Saratoga Springs

At the Table: Trattoria Fortunata strong out of the gate in Saratoga Springs

The Vegetable Arancini appetizer at Trattoria Fortunata on Phila Street in Saratoga Springs. (Karen Bjornland)

The Vegetable Arancini appetizer at Trattoria Fortunata on Phila Street in Saratoga Springs. (Karen Bjornland)

When my friend Laura and I met at the new Trattoria Fortunata in Saratoga Springs, all we could think about during the first moments at our cozy table, with its fresh flowers and red-and-white-checked tablecloth, were crepes and pommes frites. For more than 20 years, this friendly nook on Phila Street was the home of Ravenous, the city’s French-inspired creperie.

Now Kyle Geniti, a 28-year-old Fonda native with a college degree in biochemistry and English, is the chef/owner, and Saratogians are buzzing about his Italian-American and contemporary American cuisine, which one can enjoy as casual dining or through takeout.

Geniti, who named the place after his great-grandmother and borrowed some of her recipes, may be young but he’s paid his dues in the restaurant biz, with jobs at Saratoga’s 15 Church, Harvey’s Restaurant & Bar and Druthers Brewing Company. Most recently, he was executive chef at Taverna Nova on Beekman Street.

Trattoria Fortunata debuted in April with takeout only, offered limited dining in May and officially opened with a ribbon-cutting on June 9.
Brittney, the chef’s significant other, commands the dining room with exceptional warmth and attention. She kindly answered all our questions even when every table was taken on a no-horse-racing Tuesday. Yes, they are still awaiting their liquor license and soon they hope to serve lunch. They plan to make their own pasta and cannoli.

As we sipped fizzy Saratoga water, Brittney directed us to the QR code posted at our table, which zipped us to their menu.

There are 16 choices and half of them are plant-based or vegetarian, including an Impossible Bolognese, made with the popular plant-based meat alternative. You can add chicken, pancetta, roasted tomato, Calabrian chili, Hot Crispy Oil (see note at end of this review) or shrimp to any pasta dish.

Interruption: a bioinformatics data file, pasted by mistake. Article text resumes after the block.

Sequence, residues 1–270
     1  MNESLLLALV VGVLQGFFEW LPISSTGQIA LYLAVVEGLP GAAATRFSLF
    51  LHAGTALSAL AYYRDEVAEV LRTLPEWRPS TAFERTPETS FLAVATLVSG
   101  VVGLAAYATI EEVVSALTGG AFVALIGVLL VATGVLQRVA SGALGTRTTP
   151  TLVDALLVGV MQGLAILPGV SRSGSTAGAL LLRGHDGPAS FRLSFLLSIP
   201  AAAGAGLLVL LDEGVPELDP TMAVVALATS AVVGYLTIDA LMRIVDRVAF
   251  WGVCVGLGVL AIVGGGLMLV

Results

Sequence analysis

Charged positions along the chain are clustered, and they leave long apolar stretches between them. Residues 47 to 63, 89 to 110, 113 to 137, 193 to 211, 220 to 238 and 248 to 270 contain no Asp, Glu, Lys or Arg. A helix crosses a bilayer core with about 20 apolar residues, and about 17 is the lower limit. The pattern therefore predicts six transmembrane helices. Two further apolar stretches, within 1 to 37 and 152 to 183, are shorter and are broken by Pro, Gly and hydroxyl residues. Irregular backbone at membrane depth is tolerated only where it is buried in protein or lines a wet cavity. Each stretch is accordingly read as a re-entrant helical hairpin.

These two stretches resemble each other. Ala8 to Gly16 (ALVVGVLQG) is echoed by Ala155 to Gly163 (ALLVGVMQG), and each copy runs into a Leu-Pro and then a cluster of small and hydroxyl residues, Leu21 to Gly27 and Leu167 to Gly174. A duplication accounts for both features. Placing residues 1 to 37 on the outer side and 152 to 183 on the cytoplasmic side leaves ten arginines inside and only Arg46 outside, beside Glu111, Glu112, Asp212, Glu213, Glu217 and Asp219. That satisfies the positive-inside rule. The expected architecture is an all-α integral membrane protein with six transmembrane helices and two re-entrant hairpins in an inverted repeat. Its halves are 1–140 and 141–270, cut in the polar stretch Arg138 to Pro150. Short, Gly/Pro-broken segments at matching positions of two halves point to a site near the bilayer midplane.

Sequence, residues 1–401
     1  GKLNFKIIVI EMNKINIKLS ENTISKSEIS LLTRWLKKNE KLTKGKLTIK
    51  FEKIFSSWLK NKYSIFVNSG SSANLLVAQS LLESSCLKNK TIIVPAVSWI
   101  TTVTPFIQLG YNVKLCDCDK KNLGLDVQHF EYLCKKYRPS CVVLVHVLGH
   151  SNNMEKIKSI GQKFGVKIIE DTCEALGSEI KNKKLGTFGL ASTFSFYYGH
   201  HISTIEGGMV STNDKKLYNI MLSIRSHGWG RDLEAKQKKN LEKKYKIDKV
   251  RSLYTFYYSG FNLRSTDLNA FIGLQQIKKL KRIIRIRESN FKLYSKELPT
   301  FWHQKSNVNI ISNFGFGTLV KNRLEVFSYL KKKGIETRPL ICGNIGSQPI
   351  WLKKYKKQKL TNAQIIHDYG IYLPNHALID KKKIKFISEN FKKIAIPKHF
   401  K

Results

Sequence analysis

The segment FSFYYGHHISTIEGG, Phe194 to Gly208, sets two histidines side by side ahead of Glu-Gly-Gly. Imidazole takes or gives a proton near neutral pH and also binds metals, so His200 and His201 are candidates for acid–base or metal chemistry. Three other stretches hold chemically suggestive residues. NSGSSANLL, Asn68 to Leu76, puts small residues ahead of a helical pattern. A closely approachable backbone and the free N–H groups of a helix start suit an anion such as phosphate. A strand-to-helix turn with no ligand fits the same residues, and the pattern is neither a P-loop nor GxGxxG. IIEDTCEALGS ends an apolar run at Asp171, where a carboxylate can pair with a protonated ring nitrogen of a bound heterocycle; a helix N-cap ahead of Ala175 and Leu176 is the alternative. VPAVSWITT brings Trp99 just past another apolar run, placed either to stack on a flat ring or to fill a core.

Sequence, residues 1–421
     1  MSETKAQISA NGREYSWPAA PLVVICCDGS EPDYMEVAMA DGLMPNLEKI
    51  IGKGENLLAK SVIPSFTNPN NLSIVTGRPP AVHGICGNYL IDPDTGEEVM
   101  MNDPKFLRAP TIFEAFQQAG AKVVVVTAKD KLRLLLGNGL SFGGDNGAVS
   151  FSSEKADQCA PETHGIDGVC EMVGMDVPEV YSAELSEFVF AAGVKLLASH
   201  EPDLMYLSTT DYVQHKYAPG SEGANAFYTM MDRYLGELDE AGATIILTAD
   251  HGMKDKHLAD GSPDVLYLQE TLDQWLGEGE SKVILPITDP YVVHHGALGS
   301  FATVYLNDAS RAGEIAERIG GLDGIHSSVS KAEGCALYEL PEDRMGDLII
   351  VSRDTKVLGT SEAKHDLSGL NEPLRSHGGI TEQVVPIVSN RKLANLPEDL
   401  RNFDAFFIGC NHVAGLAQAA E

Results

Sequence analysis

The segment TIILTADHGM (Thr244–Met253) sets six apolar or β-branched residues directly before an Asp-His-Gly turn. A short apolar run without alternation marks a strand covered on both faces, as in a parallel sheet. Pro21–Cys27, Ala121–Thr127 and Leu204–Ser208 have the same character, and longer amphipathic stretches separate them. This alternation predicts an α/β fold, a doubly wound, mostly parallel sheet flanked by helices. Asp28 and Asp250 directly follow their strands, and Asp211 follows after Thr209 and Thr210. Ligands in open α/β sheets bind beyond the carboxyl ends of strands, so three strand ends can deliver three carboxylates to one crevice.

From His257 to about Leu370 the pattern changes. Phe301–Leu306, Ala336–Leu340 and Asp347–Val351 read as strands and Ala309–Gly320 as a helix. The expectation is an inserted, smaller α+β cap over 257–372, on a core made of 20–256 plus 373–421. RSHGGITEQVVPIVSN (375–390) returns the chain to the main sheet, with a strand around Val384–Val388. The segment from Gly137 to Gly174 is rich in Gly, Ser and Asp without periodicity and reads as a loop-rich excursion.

When Brittney arrived with a basket of bread, we could see the heat rising through its cloth napkin cover. And oh, the lemon herb butter. I usually skip the spread, but this was so delightfully citrusy I dabbed my knife into it and licked it off.

Laura is a french-fry fiend, and she’s eaten them all over town, so Truffle Parm Fries was her appetizer of choice. She was awed by the enormous heap of crispy, hand-cut potato sticks, sprinkled with Parmigiano-Reggiano and chives. Each bite was truffle-licious, as both the white oil and black paste were evident. There was enough for three people to share.

“These take fries to a whole new level,” Laura said.

I selected the Vegetable Arancini, a fried, bread-crumb-covered rice ball and Sicilian staple that usually has some kind of filling. These pudgy little monsters were different: a creamy medley of minced broccoli rabe, roasted tomatoes and artichokes seasoned with romano. So many flavors in every bite, and did I mention that they were capped with crumbles of honey herb goat cheese? Again, the serving, five of them, was large.

Laura’s entrée was Vegetable Risotto, arborio rice with bits of broccoli rabe, roasted tomato, shallot and artichokes; a blend of flavors livelier than most risotto dishes. “Unbelievable,” declared Laura. “These tomatoes are so amazing.”

I had heard good things about their Bolognese, so I jumped on that and picked potato gnocchi instead of penne or rigatoni. The rich, slow-cooked meat sauce with its sweet hints of wine was the best kind of classic Italian comfort food. Yep, I’m pretty sure I felt great grandma’s love in this belly-warmer.

“Mmmm,” said Laura as she speared a gnocchi off my plate. “Wouldn’t that be good on a cold night in January?”

As we departed, we vowed to return and then shared our critiques, noting that Trattoria Fortunata is off to a strong start but still in its infancy. A nice cool house salad would have been a lovely light counterpoint to our carb-laden dishes. Right now only one salad choice, a Caesar, is available. The option of ordering a small plate instead of a full entree might be good, too. Our take-home bags, to which we added desserts of mini cannoli, were hefty.


Hot Crispy Oil (aka HCO) is a condiment made from fresh garlic, shallots, chili peppers and olive oil. It was created by Saratoga Springs native John Trimble, owner of Albany’s La Serre restaurant, and is available in Capital Region stores.

Trattoria Fortunata

WHERE: 21 Phila St., Saratoga Springs; 518-886-8672;, Facebook, Instagram

WHEN: 4:30-9:30 p.m. Tuesday through Friday; 4:30-8:30 p.m. Sunday and Monday

HOW MUCH: $81 without tax and tip

MORE INFO: Not yet licensed to serve alcohol. Takeout available, handicapped accessible.
Reservations accepted.

Categories: Food, Life and Arts


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